The Retired Couple That Made Uber More Senior-Friendly
Bob Carr swears he didn’t set out to hack Uber. The 67-year-old Atlantan just wanted to extend the ride-hailing app’s convenience to hundreds of interested seniors who weren’t big on smartphones. To work around the software’s limits, in 2014 he started Common Courtesy Inc., a small nonprofit that created multiple Uber accounts to book rides on behalf of other people. “I had five different mobile phones with five different Uber accounts,” Carr says. “We called it reengineering.” He and his wife, Anne, gave the group accounts related names such as “Vets” or “Church.”
Uber Technologies Inc. noticed, but this isn’t that kind of Uber story. Instead of sending the Carrs a panicked cease-and-desist letter, the company last year dispatched five engineers to study Common Courtesy and some similar ventures. It’s since built the one-phone, multiple-rides workaround directly into its app as a feature called Uber Central, which underpins more than 30 affiliated “chapters” of Common Courtesy across the country.“We were pushing Uber into places it hadn’t been,” Carr says. “It was not their wheelhouse.”
A decade ago, Carr got the idea for Common Courtesy after witnessing a close call with a senior who had just gotten behind the wheel after leaving a safe-driving class. In 2007 he and Anne patented the idea for a volunteer driving service coordinated via text messages, but they had trouble recruiting drivers. They picked up the project again when they discovered Uber in 2014. By the time company engineers spent three days with the couple in May 2016, the Carrs had a long wish list of ways Uber could build them a smoother model, starting with the ability to book and monitor several rides from one phone.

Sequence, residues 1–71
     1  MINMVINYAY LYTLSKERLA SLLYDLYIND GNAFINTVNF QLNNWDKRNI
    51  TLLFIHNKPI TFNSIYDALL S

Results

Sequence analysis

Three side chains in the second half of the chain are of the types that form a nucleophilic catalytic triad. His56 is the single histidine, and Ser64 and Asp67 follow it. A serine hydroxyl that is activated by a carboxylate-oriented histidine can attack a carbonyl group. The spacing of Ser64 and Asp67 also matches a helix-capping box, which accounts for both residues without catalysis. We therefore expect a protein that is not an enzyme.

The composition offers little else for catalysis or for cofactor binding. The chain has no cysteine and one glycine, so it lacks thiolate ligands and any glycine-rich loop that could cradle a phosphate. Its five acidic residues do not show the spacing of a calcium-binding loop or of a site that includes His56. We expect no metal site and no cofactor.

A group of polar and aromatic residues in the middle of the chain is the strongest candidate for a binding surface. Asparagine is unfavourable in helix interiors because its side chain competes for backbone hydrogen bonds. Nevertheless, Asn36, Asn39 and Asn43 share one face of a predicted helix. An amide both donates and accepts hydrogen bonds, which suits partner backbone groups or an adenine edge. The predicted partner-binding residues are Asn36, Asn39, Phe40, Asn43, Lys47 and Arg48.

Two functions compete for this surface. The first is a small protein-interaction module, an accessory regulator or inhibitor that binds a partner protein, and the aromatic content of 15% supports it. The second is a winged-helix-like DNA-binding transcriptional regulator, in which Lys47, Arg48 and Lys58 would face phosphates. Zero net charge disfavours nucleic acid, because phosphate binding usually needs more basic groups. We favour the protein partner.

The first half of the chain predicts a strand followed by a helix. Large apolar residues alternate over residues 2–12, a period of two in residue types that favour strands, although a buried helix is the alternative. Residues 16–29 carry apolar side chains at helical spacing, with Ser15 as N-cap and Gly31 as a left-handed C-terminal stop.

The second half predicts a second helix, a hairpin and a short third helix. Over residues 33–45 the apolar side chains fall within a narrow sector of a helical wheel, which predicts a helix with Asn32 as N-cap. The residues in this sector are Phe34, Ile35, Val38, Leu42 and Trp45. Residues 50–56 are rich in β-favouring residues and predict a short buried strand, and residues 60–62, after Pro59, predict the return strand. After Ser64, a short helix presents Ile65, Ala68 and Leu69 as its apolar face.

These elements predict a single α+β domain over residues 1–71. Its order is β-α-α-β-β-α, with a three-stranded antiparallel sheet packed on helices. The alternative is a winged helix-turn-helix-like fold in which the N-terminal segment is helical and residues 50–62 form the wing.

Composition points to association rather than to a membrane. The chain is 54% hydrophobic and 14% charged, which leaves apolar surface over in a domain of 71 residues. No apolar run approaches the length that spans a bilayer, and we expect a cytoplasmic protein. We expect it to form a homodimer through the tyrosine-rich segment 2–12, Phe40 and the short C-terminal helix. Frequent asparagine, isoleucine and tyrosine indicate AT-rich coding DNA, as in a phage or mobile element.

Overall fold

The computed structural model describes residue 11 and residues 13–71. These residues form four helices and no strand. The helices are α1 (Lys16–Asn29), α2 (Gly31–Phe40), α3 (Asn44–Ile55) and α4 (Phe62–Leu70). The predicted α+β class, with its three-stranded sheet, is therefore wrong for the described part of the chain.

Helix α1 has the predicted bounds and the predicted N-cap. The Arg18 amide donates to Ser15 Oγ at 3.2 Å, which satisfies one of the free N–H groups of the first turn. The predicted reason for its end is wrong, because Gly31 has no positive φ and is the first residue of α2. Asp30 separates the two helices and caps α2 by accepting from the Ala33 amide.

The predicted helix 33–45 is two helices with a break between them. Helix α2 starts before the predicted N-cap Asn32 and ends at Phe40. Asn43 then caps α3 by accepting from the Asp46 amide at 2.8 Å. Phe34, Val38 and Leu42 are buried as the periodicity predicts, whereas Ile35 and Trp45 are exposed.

Common Courtesy was among the first groups to test Uber Central, which went live in late April and has picked up customers including Twenty Four Seven Hotels and roadside-assistance company Agero Inc. The feature lets one user manage as many as 15 rides at once. “We have designed our transportation system over the past 50 to 60 years around single-car drivers,” says Travis Bogard, who oversees Uber Central. “That starts to be at odds with this aging population and their abilities.”
The Carrs say they booked about 2,400 rides in June, and that number has been rising 15 percent to 20 percent in a typical month since they introduced their workaround system three years ago. They take a $3 fee on each ride they coordinate and $1 on rides coordinated by one of the other Common Courtesy chapters, which charge comparable prices depending on the market. Some customers provide credit-card information at sign-up so they can be charged automatically; others are billed. The Carrs say they’re looking to cover their costs through higher volume, including a wider network of affiliated groups.
“I’m so happy that I don’t just have to sit at home and read or sleep,” says Dottie Mitchell, 82, of Virginia Beach, Va. Mitchell lost her license last year because of age and doesn’t have a cell phone or computer, but she starts her day with a 9:45 a.m. Uber ride to visit friends at Starbucks with the help of her local Common Courtesy affiliate. Mitchell, one of about 40 clients of Common Courtesy Hampton Roads, also uses the service to get to and from exercise classes, a book club, and hair appointments.